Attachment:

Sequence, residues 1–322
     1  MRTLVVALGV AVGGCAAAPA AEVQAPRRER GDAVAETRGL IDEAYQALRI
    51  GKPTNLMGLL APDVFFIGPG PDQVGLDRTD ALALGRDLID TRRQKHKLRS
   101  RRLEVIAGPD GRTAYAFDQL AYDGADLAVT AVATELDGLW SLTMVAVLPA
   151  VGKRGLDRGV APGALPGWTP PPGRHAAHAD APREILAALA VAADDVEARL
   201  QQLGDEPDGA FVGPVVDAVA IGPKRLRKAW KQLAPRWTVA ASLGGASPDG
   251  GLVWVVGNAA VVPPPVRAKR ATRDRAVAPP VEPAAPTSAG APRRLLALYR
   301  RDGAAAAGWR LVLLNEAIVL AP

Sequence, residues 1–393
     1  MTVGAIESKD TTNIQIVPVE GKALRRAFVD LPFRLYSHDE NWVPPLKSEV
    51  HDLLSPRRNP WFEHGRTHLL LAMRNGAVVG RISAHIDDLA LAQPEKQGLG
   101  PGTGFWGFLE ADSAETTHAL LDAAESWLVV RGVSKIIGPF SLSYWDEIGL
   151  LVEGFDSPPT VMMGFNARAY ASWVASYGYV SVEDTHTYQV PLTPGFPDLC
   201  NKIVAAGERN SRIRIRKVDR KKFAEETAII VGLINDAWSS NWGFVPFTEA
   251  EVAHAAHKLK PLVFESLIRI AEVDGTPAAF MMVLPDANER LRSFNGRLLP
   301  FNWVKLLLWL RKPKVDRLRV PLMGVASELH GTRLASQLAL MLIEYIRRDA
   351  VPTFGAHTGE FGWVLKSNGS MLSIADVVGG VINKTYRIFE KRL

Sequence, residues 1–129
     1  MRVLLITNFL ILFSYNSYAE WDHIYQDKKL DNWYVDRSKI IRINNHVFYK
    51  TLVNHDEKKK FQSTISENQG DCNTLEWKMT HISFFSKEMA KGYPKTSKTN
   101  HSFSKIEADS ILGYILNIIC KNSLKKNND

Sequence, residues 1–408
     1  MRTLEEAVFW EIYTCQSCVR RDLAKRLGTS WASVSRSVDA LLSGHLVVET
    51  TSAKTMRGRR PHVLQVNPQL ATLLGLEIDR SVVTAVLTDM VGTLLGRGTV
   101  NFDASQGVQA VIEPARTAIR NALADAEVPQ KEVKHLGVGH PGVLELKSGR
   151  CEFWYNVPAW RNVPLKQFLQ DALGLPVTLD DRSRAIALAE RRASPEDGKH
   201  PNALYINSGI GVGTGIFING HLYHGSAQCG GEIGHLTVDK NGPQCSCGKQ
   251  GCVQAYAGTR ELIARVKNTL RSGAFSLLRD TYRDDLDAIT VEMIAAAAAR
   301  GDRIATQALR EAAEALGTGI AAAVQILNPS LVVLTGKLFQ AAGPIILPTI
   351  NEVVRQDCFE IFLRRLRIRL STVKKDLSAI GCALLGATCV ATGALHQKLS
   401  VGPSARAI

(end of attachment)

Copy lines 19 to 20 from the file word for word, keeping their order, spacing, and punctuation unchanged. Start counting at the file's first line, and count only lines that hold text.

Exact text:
     1  MRVLLITNFL ILFSYNSYAE WDHIYQDKKL DNWYVDRSKI IRINNHVFYK
    51  TLVNHDEKKK FQSTISENQG DCNTLEWKMT HISFFSKEMA KGYPKTSKTN